Ma is the book's first casualty, but we'd argue that she is gone long before she actually dies. She's a victim of the 1950s society that puts women in their place (i.e. thanks, woman, now get us a sandwich) and it's a place she doesn't really want to be.
Things really start sliding for Ma when she has a miscarriage. That would be tough for any woman, but Ma doesn't have the resources to cope with it. She doesn't seem to have friends (note the similarity with her daughter) and she has a tendency to try to replace things—in this case, Ma replaces her dead son with a parrot named Petey. She even kisses the bird on the beak. Her attachment to Petey makes Dolores jealous (then again, though, what doesn't?) and she has a "nervous breakdown" (3.1) after the parrot dies.
When Ma gets out of the hospital, she gets a job and starts dating. Dolores isn't happy about the latter, mainly because Ma seems to be getting attention from men, something Dolores doesn't get. After Dolores is raped, Ma buys her tons of food and a TV, which isn't the healthiest way of dealing with things. The underlying message is tune out and shut-up.
She basically enables her daughter's inertia, and makes it that much harder for Dolores to recover. By the time Ma takes a stand against Dolores (the monster that, frankly, she created) by cutting the TV power cord with a steak knife, it's too little, too late. She says to Dolores, "I will get this fixed… when and if you have that physical and get that form signed. I happen to believe in your future" (8.30). Hmm… she didn't care about her daughter's future at all when she was helping Dolores balloon up to 257 pounds.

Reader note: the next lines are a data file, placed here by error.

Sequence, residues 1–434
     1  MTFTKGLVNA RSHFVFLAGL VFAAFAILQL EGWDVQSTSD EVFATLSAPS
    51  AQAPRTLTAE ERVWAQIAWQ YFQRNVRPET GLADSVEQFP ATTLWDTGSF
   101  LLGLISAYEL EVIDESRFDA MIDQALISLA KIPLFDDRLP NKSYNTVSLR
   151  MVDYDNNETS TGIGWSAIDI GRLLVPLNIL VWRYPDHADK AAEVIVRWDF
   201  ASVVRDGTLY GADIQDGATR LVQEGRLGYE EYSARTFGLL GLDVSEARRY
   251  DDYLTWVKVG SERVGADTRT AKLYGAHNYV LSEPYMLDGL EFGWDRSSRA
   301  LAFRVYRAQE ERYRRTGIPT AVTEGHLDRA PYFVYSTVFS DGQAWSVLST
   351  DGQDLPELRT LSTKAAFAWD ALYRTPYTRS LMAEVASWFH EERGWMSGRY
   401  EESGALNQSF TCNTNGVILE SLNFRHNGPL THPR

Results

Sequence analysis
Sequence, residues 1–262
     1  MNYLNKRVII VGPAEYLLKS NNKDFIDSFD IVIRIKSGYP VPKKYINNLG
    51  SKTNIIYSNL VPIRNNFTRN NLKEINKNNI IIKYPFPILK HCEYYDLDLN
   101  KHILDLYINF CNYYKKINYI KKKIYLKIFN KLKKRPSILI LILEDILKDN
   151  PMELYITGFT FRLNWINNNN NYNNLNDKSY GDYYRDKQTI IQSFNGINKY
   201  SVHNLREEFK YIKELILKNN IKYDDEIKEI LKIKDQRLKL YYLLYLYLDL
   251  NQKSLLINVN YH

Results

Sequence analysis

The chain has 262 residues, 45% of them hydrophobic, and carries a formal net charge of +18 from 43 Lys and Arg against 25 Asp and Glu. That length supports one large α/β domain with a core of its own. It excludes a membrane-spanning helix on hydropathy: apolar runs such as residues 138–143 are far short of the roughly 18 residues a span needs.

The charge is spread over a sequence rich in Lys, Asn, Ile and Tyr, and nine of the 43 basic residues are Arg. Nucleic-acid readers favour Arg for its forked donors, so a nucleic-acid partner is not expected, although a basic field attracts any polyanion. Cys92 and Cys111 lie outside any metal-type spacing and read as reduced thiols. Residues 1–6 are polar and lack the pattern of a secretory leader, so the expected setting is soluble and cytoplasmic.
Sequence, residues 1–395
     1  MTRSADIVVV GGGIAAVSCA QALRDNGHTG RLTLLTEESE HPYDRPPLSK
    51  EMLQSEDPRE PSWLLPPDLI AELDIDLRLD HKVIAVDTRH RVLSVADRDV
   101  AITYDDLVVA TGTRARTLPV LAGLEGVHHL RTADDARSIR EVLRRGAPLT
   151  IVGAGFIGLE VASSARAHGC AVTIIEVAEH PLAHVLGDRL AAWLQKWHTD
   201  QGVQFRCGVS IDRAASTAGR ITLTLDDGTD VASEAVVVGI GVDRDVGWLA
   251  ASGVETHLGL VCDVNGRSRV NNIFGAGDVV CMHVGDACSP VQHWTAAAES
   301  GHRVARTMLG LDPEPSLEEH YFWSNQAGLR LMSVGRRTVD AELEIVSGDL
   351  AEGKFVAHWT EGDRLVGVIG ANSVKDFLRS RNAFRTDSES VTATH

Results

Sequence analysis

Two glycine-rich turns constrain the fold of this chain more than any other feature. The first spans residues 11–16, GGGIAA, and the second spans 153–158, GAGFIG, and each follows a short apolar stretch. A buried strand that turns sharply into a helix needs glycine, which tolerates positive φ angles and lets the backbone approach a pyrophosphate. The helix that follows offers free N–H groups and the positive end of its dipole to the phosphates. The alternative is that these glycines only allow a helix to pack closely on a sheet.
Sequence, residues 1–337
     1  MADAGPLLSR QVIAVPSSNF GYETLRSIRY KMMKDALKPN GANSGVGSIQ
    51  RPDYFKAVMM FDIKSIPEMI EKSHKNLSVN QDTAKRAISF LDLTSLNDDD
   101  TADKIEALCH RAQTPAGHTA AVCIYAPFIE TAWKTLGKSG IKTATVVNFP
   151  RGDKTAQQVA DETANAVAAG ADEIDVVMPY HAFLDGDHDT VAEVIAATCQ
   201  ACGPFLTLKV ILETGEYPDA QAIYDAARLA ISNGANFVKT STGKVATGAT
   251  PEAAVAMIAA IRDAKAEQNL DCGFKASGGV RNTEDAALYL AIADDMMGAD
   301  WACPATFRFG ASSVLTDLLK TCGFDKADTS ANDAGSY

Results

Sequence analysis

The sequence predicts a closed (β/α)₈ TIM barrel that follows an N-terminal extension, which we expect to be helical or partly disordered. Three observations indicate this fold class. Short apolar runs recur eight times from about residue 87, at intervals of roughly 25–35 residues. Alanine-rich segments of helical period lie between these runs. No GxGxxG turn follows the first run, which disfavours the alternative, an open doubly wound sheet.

Dolores fiercely resists the whole college thing—at least partially because she's been sent a message by her mother that she's not particularly valuable for years—which prompts Ma to say "You've made me so goddamned tired" (9.18). This is the last thing she says to her daughter. She goes to work at her tollbooth, where a trucker falls asleep at the wheel, crashes into her, and kills her.
Death sometimes turns people into saints, and Dolores's attitude toward her mother is no different. Dolores feels responsible for her mother's death, as if not being a horrible teenager would have kept the truck driver awake, and in feeling so, changes her tune about Ma. Dolores even tells Dr. Shaw that her mother was "a saint" (17.134), which he rightly disagrees with, working with Dolores to help her develop a more realistic picture of her mother: flawed, human, a questionable artist, but someone who still loved her.
In life, Ma isn't a saint but instead "a fragile woman, a victim in many ways" (19.1). Before she dies, she does her fair share of damage to Dolores, but considering how damaged she is herself, it's hard to blame her too much.